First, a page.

Energy ministers' conference: collaborating on Canada's energy future

September 26, 2007

WHISTLER, B.C. -- New pledges to increase intergovernmental cooperation in advancing regulatory efficiency, collaborate on the development of new energy technologies and improve energy efficiency highlighted the annual meeting of Canada's Council of Energy Ministers today.

The annual meeting was co-chaired by the Honourable Gary Lunn, Minister of Natural Resources, and the Honourable Richard Neufeld, British Columbia Minister of Energy, Mines and Petroleum Resources.

Building on priorities identified at the 2006 energy ministers' meeting in Whitehorse, the ministers agreed to collaborate on new energy technology partnerships in the priority areas such as cleaner fossil fuels, advanced energy end-use, alternative and renewable energy sources, bioenergy, and hydrogen production, storage and conversion. This will include collaboration with industry and academia.

"Everyone has a part in this, but it's up to us as governments to show leadership - and that's what we're doing," said Minister Lunn. "We are working collaboratively to foster the next generation of clean technologies to break through to emissions-free energy production and energy use," said Minister Lunn.

The energy ministers, in a joint session with mines ministers on September 24, were very pleased to note that all jurisdictions are making significant steps towards streamlining regulatory approval processes and agreed to continue to work collaboratively with their colleagues. These efforts will help ensure that Canada continues to be competitive in our resource industries while maintaining world-class standards for protection of the environment, workers, and the public.

"Both the federal and provincial governments take energy issues very seriously," said Minister Neufeld. "It's only during these kinds of collaborative meetings that we can share our best practices and work together to find solutions."

After discussing energy efficiency issues with representatives of government, academia, private sector and energy consumer organizations, ministers agreed to work to identify opportunities for collaborative energy-efficiency actions that could lead to a significant reduction in the growth of energy demand in Canada. Ministers agreed that energy efficiency and conservation have the potential to reduce energy demand in Canada by an amount equal to almost 25% of today's energy use by 2030, noting that each jurisdiction is acting on energy efficiency and conservation to meet their own priorities and needs. This builds on the recent announcement that all governments are working collaboratively to enhance the model national energy code for buildings by 25 percent by 2012.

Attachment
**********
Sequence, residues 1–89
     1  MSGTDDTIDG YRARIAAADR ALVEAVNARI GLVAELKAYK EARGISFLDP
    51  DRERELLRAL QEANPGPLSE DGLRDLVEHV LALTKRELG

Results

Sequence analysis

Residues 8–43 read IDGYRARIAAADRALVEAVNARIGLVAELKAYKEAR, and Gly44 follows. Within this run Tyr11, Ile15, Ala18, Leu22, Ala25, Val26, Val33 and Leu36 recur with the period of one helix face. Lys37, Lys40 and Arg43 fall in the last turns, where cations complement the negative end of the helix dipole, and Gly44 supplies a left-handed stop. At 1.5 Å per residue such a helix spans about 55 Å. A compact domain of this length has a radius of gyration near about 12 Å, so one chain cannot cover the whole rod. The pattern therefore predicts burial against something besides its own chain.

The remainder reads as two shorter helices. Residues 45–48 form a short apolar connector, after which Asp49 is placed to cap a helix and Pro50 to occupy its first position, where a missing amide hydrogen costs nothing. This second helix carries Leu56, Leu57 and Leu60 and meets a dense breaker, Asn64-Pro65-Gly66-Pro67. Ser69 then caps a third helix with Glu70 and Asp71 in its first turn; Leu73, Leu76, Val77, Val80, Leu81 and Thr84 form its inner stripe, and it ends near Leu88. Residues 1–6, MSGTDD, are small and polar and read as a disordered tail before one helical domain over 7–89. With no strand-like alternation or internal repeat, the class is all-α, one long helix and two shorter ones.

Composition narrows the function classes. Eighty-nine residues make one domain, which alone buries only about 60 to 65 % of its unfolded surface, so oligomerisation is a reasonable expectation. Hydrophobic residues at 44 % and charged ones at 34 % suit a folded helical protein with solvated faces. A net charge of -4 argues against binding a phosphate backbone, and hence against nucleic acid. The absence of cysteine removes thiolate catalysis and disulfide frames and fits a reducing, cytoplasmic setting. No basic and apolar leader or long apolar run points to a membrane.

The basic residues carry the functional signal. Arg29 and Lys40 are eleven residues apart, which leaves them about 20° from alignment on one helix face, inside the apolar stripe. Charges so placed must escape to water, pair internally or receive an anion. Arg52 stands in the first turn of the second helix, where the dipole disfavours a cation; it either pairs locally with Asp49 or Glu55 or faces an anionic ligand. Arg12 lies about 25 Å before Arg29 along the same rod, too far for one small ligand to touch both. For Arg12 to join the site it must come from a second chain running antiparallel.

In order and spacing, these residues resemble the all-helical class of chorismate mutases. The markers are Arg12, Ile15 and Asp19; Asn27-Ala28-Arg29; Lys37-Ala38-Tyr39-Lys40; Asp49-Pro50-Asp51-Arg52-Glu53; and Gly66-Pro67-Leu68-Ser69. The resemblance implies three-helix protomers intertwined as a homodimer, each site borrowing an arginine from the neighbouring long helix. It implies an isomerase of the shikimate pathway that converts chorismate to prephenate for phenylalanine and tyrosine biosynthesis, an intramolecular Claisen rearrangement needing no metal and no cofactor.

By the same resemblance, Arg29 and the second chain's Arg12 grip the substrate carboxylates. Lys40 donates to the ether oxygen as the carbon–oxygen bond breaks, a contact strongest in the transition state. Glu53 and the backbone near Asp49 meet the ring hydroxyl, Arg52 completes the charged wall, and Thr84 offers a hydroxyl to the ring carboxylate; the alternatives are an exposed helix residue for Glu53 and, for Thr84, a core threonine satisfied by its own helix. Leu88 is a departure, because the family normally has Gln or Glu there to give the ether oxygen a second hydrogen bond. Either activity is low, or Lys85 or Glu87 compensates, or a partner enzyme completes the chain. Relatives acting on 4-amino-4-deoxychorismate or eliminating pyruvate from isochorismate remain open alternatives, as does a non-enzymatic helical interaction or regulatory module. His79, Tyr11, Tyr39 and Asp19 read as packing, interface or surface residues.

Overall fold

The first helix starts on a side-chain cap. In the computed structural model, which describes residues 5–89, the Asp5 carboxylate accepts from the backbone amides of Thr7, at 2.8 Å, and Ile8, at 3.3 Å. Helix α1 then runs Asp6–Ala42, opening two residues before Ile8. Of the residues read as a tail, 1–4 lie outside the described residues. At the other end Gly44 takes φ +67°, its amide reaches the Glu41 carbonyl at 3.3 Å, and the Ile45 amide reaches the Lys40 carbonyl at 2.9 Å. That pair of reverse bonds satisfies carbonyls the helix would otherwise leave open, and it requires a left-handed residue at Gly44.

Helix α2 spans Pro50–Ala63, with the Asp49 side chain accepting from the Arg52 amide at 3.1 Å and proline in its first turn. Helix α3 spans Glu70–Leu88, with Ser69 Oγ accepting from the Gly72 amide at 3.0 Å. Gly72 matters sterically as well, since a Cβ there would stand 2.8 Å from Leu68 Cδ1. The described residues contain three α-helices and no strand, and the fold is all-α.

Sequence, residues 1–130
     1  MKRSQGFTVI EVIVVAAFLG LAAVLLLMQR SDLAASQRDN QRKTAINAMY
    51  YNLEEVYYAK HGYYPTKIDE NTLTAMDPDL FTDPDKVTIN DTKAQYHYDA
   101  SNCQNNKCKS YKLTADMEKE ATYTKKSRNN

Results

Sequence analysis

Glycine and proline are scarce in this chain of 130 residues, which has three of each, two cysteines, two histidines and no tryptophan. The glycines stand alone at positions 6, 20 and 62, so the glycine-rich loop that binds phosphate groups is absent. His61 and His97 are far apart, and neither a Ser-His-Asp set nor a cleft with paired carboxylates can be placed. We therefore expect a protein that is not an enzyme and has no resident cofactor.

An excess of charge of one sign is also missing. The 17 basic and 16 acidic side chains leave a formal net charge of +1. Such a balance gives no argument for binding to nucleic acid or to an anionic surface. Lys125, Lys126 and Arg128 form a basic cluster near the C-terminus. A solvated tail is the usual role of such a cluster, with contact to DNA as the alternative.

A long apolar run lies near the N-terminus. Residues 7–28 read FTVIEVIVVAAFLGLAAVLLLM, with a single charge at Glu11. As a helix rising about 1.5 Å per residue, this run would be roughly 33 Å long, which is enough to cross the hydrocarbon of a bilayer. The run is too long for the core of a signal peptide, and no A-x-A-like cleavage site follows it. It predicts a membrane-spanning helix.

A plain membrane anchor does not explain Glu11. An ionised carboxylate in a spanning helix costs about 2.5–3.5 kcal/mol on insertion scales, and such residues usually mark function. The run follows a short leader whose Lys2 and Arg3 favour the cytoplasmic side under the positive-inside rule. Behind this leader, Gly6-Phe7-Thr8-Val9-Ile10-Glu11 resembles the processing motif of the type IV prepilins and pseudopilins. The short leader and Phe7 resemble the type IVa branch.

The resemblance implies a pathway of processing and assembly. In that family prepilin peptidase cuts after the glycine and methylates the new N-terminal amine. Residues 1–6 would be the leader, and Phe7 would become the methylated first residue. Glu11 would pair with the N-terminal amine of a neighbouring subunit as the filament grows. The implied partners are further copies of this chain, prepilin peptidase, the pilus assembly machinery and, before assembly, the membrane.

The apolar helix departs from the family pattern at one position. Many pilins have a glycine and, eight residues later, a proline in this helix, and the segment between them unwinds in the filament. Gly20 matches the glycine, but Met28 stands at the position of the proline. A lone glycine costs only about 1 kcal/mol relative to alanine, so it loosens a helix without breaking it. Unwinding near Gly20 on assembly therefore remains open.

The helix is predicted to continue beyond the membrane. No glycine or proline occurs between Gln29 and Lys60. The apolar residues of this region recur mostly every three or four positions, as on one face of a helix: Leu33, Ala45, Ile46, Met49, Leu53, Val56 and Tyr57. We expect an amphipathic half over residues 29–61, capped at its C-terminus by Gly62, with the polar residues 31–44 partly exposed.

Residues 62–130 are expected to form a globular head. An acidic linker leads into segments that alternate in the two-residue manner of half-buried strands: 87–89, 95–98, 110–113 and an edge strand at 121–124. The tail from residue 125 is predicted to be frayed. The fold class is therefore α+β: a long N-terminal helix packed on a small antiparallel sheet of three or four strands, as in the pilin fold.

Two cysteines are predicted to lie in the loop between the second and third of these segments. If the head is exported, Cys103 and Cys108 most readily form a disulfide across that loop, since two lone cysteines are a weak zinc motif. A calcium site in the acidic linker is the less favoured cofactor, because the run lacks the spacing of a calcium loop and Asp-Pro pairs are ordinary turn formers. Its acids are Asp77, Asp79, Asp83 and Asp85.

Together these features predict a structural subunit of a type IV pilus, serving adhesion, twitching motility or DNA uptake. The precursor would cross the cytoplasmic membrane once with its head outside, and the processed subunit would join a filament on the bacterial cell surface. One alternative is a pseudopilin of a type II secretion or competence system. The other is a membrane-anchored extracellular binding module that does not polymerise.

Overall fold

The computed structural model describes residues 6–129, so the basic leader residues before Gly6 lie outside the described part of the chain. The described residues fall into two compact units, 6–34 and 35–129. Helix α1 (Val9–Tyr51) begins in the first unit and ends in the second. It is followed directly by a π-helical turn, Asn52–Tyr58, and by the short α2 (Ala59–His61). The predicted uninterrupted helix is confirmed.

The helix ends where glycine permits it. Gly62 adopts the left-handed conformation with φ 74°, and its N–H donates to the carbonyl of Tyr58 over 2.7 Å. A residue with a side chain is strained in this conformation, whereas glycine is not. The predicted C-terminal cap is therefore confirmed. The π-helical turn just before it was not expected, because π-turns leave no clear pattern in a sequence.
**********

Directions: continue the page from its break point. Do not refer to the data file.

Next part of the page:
Ministers also endorsed the document Moving Forward on Energy Efficiency which outlines that significant improvements in energy efficiency and conservation are fundamental to assuring Canadians have secure, reliable and competitively priced supply of energy for the long term. The ministers also stressed that efficiency and conservation are key to gaining the maximum economic benefit from Canada's energy resources while minimizing the environmental impacts of energy use.

Moving Forward on Energy Efficiency is designed to engage all Canadians -- governments, the private sector and individuals -- in a pan-Canadian effort to reduce energy consumption in homes and buildings, industry and on-road transportation. This document recognizes that different governments will want to pursue different priorities at different times, according to their unique situations.

It offers a menu of tools from which individual governments can choose to enhance energy efficiency and conservation. It also includes numerous options for action on energy efficiency by sectors outside governments, including professional and industry associations, retailers, financial institutions and others, ranging from energy-related training for professionals such as engineers and architects to the expansion of green financial instruments.

"The biggest untapped source of energy we have in this country is the energy we waste. Our work today brings cooperation among the federal, provincial and territorial governments to new level," said Minister Lunn. "That commitment, along with the input we've had from non-governmental organizations, industry, academics and Canadians at large, says we are ready to achieve real results for our environment, our economy and our energy security."

"Canadians and their governments are already emphasizing energy efficiency, and we're making real progress," said Minister Neufeld. "We are adopting a vision of how we can work together to turn real progress into spectacular progress."
Moving Forward on Energy Efficiency is available online at or

Media may contact:
Alyson Robb
Office of the Minister
Natural Resources Canada

Jake Jacobs
Public Affairs Officer
British Columbia Ministry of Energy,
Mines and Petroleum Resources
Cell: 250-213-6934

Natural Resources Canada

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